House of Commons publishes briefing paper on no fault divorce
Back in May we reported on the progress of a Private Members Bill which seeks to bring in no fault divorce. The bill aims to allow spouses who wish to divorce to be able to do so by informing the court that they have mutually agreed their relationship is over and they would like a divorce. A no fault divorce would potentially bring an end to spouses having to rely on unreasonable behaviour allegations, which can inflame an already upsetting and difficult situation.
Resolution, the main organisation representing family solicitors, mediators and independent financial advisors working on family cases, conducted research in June 2015 which found that over half of all divorce petitions were fault-based (citing unreasonable behaviour or adultery). It is presumed these petitions were filed by people who for whatever reason could not wait 2 years or more to get divorced, or where one spouse did not consent to the divorce. Of those petitions, 27% said that the allegations within the petition were not true but a fault based position was the easiest option.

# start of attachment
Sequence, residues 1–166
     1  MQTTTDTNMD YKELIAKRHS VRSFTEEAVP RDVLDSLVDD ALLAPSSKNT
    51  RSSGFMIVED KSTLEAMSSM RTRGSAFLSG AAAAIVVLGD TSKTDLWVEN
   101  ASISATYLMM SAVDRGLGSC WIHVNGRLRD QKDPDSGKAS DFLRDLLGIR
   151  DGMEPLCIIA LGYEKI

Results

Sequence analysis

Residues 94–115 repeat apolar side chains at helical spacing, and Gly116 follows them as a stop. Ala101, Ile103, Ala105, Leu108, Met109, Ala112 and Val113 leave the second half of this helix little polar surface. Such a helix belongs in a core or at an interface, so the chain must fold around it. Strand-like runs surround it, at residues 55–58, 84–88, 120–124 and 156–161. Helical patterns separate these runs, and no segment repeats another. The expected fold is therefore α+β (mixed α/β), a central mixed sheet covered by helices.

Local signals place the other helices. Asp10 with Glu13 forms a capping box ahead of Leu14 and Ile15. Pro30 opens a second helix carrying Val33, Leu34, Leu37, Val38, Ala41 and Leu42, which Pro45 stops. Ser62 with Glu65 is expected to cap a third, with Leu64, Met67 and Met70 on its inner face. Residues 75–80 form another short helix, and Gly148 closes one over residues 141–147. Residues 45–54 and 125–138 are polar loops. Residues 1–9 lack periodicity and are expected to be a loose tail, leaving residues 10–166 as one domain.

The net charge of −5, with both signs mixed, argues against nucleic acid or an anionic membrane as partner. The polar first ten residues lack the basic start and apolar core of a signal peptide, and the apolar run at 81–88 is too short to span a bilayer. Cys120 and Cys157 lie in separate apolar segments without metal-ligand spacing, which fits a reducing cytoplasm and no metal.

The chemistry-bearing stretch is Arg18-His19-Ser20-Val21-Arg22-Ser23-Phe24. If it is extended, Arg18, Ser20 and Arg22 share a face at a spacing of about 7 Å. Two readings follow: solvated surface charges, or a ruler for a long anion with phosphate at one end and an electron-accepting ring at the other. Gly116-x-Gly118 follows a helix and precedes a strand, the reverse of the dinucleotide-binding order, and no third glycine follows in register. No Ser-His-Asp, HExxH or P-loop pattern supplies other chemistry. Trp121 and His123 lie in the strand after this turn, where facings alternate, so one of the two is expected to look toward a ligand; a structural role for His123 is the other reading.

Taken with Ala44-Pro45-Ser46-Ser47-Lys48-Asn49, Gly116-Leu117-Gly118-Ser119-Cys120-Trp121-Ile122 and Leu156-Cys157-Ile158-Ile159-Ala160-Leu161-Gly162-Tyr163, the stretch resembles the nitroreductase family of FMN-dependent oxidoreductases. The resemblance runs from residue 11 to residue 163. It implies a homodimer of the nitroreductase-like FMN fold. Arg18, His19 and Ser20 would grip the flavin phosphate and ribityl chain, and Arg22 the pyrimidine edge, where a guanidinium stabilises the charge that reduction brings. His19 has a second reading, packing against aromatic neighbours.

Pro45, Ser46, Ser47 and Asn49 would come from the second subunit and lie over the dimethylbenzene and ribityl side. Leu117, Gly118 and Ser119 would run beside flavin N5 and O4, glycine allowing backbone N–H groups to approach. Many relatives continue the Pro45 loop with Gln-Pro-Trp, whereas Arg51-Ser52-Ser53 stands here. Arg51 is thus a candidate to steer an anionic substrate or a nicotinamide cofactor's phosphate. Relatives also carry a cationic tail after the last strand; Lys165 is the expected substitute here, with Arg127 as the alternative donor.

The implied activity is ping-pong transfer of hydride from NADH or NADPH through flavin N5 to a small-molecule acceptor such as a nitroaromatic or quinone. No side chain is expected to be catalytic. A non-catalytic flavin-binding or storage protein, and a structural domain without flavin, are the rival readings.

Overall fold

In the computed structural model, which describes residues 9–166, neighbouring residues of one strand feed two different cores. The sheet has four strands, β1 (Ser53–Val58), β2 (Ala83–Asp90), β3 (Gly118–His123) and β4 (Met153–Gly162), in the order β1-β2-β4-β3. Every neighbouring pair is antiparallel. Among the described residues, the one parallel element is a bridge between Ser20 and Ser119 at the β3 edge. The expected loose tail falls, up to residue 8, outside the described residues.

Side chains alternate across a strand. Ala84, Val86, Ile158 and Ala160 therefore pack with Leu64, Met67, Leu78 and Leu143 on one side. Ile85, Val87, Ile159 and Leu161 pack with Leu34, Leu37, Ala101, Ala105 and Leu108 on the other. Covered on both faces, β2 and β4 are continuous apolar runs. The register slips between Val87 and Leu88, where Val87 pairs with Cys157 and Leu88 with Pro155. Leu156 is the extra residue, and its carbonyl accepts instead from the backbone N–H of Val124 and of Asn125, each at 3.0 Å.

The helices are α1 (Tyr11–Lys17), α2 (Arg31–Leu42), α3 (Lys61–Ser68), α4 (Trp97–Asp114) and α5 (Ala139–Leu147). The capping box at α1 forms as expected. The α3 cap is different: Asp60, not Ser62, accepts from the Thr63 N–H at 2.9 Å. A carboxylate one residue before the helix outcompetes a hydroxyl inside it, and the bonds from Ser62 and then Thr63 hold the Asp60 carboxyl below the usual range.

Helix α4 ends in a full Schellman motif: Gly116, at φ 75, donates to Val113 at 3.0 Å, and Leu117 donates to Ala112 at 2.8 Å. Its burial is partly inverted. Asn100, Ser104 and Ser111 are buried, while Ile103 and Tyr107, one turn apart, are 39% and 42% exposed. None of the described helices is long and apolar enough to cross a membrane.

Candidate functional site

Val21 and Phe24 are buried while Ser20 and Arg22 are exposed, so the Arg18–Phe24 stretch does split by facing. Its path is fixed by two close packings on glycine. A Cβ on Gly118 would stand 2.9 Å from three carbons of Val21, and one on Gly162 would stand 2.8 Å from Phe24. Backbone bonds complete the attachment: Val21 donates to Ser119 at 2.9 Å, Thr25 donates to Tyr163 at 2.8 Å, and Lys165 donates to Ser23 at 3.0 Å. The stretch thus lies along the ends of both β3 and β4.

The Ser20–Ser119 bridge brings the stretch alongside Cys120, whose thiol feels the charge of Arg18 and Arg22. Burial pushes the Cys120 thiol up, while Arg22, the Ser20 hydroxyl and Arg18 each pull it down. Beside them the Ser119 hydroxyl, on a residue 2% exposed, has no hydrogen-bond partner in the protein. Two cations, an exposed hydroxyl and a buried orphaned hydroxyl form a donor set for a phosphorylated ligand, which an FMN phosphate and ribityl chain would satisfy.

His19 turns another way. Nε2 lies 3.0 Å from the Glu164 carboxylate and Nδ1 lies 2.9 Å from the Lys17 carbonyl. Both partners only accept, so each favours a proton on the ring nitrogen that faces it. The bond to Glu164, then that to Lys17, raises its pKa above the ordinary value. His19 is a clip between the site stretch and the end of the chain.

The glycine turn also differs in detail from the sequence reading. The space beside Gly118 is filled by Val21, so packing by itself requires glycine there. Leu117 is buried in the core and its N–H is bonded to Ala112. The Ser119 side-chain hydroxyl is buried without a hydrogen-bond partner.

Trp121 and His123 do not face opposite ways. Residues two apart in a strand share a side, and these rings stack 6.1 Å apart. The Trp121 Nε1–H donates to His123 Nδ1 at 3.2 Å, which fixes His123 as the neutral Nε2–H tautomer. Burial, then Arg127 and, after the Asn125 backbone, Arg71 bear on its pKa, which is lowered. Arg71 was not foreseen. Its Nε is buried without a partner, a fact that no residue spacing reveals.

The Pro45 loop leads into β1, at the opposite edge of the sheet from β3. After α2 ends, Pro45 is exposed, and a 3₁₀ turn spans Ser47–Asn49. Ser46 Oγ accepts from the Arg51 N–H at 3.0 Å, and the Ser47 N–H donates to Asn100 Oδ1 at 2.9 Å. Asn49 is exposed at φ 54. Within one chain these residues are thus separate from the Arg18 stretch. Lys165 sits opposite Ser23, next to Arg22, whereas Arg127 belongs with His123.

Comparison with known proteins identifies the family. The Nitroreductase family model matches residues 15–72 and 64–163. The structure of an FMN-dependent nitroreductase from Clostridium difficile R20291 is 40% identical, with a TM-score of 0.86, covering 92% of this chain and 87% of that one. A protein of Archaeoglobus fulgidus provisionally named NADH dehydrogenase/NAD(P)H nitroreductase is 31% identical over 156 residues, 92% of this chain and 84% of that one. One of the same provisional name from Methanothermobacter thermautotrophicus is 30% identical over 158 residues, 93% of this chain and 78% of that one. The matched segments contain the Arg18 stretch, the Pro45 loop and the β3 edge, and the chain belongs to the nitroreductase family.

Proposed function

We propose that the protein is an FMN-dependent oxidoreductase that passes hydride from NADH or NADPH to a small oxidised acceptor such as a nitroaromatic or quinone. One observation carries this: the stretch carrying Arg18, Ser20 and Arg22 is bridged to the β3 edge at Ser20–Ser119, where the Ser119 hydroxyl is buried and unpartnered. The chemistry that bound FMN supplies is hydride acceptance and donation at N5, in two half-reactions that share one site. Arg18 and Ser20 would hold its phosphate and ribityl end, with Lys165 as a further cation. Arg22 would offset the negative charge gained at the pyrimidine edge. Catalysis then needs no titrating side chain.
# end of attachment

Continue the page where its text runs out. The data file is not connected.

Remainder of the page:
Now the House of Commons library has recently published a briefing paper considering the current basis for divorce and arguments for and against the introduction of no fault divorce. The briefing paper covers the current basis for divorce in England and Wales and goes on to look at the pros and cons of whether no fault divorce should be introduced and made law. No fault divorce is generally regarded as reducing the conflict which can be caused by allegations of fault. However, arguments against the introduction of no fault divorce include that the institution of marriage should be supported; the risk of the divorce rate increasing if it is perceived to be easier to get a divorce; and the negative impact of family breakdown.
For every professional working with separating couples and families, we wait with anticipation to see whether no fault divorce will become law. Until then our aim is to guide our clients through the process as amicable and cost effectively as possible.
Amanda Erskine is a solicitor in the Family department at Barker Gotelee Solicitors.